3D printing is the construction of a 3D object from a digital or a CAD model. The phrase "3D printing" can direct to various processes where the material is placed, joined, or consolidated under to make a 3D object, with material beings like powder grains or liquid molecules added together, typically tier by tier.
On the other hand, 3D printing filaments are semi-rigid feedstocks for consolidated depositions modeling three-dimensional printers.
From reducing prices to increasing effectiveness to stoking innovation, a lot of people are thrilled about the effect that three-dimensional printing will have on the fate of manufacturing. Anyhow, the real truth is, 3D printing by now has made a substantial impact on the manufacturing industry.
Since the development of stereolithography, 3D printing has passed more than 3 decades of constant research & development.
Let’s take a look at how 3D printing has evolved, and let’s see how the phenomenon commenced & how it has helped in the evolution of the manufacturing industry.
Setting up the Foundation in the 1980s
Three-dimensional printing was just only a notion in the 1980s. Hideo Kodama of the NMIRI (Nagoya Municipal Industrial Research Institute) in Japan found a way to print sheets of material to build a three-dimensional product in the year 1981. But unfortunately, Hideo Kodama was unable to get the approval for the license of the technology.
In the interval, in France, the FGEC (French General Electric Company) & CILAS, a producer of optical technology & laser, came up with a way to build three-dimensional printed objects. Nevertheless, the companies did not see a utility for the technology and abandoned the inventions.
But finally, in the year 1986, Charles Hull, an engineer from America, developed a model for a process called stereolithography.
Charles Hull made use of photopolymers, which are also called acrylic-based materials, to change from liquid to solid, making use of UV lights. He also patented the stereolithography printer & other companies followed the action. Therefore, Hull is generally known as “the father” of three-dimensional printing.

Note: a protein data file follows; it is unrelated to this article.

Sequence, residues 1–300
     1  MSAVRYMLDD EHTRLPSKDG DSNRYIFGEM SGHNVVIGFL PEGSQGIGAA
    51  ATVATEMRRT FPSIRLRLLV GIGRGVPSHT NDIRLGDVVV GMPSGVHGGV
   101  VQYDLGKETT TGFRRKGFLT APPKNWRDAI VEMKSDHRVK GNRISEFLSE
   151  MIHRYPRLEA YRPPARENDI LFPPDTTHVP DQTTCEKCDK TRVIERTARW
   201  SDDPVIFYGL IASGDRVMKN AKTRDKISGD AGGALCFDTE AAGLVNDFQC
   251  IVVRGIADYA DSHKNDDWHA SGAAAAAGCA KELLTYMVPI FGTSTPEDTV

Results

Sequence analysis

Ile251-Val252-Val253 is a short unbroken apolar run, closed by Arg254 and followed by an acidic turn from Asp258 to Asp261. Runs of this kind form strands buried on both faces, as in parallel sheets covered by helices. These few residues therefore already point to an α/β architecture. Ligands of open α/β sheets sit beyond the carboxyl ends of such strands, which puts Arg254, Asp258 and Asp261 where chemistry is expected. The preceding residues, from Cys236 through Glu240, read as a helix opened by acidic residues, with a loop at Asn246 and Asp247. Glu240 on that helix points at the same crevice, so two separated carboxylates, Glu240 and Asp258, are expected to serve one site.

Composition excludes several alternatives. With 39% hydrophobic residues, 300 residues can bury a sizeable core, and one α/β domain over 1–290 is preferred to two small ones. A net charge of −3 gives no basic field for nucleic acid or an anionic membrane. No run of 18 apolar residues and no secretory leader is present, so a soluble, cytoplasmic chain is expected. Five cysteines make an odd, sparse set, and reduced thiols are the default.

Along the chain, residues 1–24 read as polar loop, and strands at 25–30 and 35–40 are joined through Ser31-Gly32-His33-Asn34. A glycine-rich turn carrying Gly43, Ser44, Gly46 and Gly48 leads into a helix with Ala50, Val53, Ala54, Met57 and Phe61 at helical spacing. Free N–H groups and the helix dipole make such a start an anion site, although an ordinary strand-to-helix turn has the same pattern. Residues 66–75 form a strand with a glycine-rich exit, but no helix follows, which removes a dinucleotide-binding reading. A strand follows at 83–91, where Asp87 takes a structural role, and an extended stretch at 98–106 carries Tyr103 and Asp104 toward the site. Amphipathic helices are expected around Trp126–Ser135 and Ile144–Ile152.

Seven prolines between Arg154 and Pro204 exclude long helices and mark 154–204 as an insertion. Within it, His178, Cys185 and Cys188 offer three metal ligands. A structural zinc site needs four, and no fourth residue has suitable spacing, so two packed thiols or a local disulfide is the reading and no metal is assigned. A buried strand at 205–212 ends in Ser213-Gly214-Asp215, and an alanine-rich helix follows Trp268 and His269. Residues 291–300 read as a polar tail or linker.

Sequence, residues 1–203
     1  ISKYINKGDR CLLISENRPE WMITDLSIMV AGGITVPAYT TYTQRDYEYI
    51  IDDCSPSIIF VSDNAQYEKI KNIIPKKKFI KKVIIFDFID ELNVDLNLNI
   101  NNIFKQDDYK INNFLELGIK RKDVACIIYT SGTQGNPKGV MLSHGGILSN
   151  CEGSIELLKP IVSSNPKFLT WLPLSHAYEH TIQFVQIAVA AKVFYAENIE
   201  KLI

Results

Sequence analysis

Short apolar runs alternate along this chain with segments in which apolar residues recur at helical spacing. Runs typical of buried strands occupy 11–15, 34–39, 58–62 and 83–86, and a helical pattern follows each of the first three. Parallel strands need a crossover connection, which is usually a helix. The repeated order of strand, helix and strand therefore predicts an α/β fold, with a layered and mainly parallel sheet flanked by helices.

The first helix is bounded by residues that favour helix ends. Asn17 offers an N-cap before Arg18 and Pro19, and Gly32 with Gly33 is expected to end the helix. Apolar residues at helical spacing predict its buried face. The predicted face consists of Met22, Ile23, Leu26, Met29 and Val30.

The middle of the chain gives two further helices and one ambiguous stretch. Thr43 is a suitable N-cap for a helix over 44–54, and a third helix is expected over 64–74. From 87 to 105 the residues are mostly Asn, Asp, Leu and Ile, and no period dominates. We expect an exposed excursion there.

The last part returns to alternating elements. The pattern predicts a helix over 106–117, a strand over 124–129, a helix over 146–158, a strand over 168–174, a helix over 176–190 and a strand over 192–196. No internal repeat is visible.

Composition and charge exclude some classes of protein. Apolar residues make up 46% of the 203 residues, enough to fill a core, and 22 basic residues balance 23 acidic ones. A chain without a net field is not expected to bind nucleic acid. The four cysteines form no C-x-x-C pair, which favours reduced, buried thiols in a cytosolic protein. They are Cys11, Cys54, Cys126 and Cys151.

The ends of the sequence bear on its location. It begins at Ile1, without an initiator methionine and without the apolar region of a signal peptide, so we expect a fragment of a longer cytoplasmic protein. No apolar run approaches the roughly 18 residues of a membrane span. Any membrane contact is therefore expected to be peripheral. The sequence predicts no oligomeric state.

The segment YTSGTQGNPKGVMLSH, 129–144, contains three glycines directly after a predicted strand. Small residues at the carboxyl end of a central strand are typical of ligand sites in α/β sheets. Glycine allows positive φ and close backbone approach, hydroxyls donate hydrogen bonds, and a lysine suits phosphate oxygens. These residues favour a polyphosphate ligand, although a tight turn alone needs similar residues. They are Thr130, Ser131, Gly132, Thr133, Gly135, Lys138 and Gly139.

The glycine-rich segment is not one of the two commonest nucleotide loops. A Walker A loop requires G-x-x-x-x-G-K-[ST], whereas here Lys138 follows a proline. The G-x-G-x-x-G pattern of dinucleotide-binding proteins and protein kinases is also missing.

Along with stereolithography, another 2 key technologies were licensed in this period as well.
They are SLS (Selective Laser Sintering) & FDM (Fused Deposition Modeling). SLS uses powdered grains to make three-dimensional printed products, while FDM uses warmth to three-dimensional layer models. These three-dimensional printing prototypes set the base for 3D printing.
More Enactment & More Technologies in the 1990s
With the base of the technology has already been created, many companies started testing, enhancing, and, eventually, commercializing three-dimensional printing.
In the year 1994, various new 3D printers appeared on the market, which includes the ModelMaker launched by Solidscape that banked wax stuffs using an inkjet printhead, which was more prevalent in traditional printing.
New methods, like micro casting & sprayed materials, enabled 3D printing to be utilized for metals, not only for plastics.
Later in the year, 1997 AeroMat developed the 1st 3D metal printer by using LAM (Laser Additive Manufacturing).
However, the invention still has a sky-high cost. This resulted in adoption limited to high-price & less-volume commodity production. Hence, it became a plain fit for modeling new merchandises in the automotive, medical, and aerospace industries.
Following the inventions in the previous few years, Objet Geometries created the first three-dimensional printer in 1999. It can print both hard as well as soft materials to emulate various material properties in a single object.
In the same year, WFIRM (Wake Forrest Institute for Regenerative Medicine) scientists printed synthetic frames of a human bladder & then encased them with the cells of patients.